The activist from Sumprabum said that the increase in gold mining has affected people’s subsistence living. “In the past, there were a lot of fish in the river,” he said. “But now, [gold miners] are digging out soil and rocks, and many living creatures are having difficulty surviving.”
People living along the Irrawaddy fear landslides and flooding due to erosion caused by mining. They also lament the destruction of the river’s shores, where locals used to relax and picnic but now fear their children will fall into mining pits. “Before, when we went to the riverbank, we felt the beautiful view and nature… Now, there is a lot of gold mining waste, stones and [mining] pits,” said a resident of Ubyit village, near the Kachin capital, Myitkyina.
In the village of Nam San Yang, mechanised gold mining has been encroaching on homes and farmland since 2013. Its dramatic expansion after the coup has dimmed prospects of return for most of the villagers, who are among around 100,000 people living in displacement camps since 2011 because of fighting between the military and the KIO.
“Before , when we needed food, we went to the stream to catch fish,” said a villager who recently went back from the camp to try to oppose the mining expansion. “Now, there is no water for the fish. We also have no more land for our livestock… Farmland is just a word for us now.”
The situation has also damaged communal trust. “The big social issue is between people who want to sell their land and people who don’t,” he said. “The relationship is broken because of that.”
Local sources said that although villagers have been trying to resist the gold mining surge, including by directly asking gold miners to stop, they face little institutional support. “This kind of issue should be solved by the government, but in the current situation, it is like there is no government,” said a resident of Ubyit village.
One reason for this weak response, locals say, is that the military, KIO and other armed actors routinely tax gold mining operations. “The armed groups aren’t taking action against gold mining because all of them are involved in this business,” said a civil society worker in Myitkyina.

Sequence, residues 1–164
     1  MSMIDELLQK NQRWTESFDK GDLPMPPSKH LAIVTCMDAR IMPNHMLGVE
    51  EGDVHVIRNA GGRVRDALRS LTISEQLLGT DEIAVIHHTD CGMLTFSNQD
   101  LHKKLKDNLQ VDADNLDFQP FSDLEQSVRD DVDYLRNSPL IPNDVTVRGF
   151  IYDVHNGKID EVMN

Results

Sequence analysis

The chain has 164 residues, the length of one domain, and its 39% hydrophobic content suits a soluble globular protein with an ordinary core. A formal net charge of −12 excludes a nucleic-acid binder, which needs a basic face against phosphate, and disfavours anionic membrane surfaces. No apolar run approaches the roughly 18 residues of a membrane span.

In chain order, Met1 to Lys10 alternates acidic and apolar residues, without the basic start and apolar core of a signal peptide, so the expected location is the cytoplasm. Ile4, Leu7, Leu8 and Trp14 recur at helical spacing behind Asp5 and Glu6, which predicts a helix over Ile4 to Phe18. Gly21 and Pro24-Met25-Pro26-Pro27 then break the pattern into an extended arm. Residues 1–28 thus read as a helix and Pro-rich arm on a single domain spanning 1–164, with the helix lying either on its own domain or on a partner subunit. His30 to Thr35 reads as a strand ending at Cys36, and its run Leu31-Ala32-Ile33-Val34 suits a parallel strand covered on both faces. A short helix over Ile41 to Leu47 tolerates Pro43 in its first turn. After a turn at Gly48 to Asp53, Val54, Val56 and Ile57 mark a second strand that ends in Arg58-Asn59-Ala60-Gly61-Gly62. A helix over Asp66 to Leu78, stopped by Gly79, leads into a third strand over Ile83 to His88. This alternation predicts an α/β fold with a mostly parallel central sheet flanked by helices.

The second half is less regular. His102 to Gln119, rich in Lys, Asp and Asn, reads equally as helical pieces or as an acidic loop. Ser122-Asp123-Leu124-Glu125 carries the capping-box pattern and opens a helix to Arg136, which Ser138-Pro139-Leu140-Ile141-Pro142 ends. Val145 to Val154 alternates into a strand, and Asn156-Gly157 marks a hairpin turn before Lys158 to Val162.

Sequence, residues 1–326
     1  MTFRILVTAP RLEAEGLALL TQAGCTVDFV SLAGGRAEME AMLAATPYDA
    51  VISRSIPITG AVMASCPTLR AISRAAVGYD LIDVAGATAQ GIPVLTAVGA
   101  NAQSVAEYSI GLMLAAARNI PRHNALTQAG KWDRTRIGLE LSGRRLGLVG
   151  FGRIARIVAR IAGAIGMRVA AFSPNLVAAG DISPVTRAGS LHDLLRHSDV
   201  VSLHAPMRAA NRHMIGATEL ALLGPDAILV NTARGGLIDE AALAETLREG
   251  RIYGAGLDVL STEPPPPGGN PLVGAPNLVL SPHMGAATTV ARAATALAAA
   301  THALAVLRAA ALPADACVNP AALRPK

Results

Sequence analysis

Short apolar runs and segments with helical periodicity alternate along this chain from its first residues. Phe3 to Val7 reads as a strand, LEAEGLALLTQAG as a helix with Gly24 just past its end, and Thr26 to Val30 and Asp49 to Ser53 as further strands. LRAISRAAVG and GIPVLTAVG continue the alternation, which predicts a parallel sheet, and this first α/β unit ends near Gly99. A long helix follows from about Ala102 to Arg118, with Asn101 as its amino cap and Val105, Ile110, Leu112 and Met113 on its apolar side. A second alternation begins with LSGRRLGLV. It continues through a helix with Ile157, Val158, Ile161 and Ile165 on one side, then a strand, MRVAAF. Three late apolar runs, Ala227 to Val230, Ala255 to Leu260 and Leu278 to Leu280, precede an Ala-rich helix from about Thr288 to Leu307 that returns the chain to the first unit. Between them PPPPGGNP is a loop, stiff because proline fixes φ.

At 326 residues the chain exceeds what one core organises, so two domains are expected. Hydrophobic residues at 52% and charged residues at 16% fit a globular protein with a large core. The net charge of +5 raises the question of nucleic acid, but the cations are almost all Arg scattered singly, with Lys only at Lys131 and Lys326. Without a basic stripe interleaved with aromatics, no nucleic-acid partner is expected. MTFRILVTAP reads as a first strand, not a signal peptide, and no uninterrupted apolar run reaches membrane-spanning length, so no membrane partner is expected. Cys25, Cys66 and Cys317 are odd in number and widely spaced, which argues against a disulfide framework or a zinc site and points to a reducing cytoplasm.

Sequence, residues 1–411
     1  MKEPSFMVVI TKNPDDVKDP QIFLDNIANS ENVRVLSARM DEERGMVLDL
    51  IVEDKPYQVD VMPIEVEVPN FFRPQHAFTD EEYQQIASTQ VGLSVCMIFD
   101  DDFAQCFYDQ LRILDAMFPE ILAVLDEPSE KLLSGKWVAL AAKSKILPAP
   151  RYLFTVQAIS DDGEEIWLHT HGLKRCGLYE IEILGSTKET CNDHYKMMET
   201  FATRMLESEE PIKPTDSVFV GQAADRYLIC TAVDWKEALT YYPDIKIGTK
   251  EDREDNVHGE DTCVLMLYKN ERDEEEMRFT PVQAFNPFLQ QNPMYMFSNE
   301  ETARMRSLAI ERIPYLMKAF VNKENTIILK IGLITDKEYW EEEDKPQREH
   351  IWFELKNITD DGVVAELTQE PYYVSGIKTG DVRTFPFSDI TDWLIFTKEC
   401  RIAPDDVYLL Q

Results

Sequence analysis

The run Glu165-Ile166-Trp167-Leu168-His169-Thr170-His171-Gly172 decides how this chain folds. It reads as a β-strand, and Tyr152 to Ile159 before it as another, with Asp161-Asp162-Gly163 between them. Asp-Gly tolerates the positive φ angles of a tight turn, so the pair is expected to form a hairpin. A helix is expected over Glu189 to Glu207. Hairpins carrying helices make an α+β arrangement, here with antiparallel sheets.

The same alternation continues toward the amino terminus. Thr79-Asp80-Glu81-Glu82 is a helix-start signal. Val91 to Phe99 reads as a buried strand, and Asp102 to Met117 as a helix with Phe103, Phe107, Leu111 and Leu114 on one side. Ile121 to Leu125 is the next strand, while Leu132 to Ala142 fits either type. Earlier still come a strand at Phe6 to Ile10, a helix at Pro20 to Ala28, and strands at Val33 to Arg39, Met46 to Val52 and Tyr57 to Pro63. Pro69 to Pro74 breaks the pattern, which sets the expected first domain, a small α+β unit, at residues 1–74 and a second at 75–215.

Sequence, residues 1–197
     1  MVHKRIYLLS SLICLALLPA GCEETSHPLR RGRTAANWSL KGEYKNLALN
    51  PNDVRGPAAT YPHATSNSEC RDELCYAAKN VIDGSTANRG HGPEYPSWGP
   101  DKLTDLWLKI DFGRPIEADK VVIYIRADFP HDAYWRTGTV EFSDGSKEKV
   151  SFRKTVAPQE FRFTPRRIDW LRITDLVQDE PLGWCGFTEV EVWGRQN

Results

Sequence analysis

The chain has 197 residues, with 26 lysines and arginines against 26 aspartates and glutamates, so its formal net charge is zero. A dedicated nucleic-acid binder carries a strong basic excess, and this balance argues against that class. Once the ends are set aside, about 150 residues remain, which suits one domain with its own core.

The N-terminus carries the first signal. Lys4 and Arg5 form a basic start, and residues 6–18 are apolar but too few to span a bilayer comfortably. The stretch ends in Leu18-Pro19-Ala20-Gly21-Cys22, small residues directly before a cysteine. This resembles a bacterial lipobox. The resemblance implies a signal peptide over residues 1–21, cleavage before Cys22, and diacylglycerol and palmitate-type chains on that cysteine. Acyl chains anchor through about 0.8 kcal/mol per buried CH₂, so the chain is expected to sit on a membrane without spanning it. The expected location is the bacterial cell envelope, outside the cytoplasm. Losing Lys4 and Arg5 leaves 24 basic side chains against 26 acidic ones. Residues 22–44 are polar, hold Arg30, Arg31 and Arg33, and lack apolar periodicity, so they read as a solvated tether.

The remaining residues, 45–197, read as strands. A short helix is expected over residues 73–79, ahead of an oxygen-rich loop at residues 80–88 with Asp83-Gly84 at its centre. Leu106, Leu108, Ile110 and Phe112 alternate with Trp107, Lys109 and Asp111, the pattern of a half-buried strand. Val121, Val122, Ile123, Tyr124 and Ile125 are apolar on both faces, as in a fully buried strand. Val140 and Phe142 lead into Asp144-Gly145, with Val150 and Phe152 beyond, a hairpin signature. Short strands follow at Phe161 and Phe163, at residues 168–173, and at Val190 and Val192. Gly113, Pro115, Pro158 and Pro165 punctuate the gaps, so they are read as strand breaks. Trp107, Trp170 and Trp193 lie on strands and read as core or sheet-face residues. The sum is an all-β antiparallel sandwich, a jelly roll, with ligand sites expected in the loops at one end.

The military has confiscated equipment and arrested gold miners in some areas, but local sources say these actions have been superficial. “Whenever soldiers come, we leave the machinery and run… Everyone comes back to mine gold when the soldiers are gone,” said Naw, the gold miner in Bhamo. “The big companies pay [the military] well, so they aren’t stopped or arrested. Only small-scale gold miners who cannot pay are arrested.”
Ting Sau, the military-appointed Kachin State minister of natural resources and environmental conservation, did not reply to a request for comments.
The KIO banned gold mining in its territories in December and has since stopped gold mining in Nam San Yang village, which is under partial KIO control. Colonel Naw Bu, the KIO’s information officer, said during a phone interview that the KIO was investigating the few remaining gold mining operations in territories where it exercises control and that it is prepared to lose tax revenue as a result of any crackdown. But he added that the coup and ongoing fighting against the military has hindered the KIO’s ability to address gold mining in other parts of the state.
Several local sources expressed doubt about the KIO’s political will, however. “The reason our village has been destroyed like this is that [the KIO] doesn’t take serious action against gold mining – they only stop it for show,” said a villager from Nam San Yang.
The activist from Sumprabum also said he has little hope that the gold mining boom will be brought under control. “Only two groups are benefiting from [gold mining]: wealthy businessmen and those who use the name of the government,” he said. “When they destroy the natural environment and resources, we feel like they are cutting off our legs.”
This story was published with permission from The Third Pole.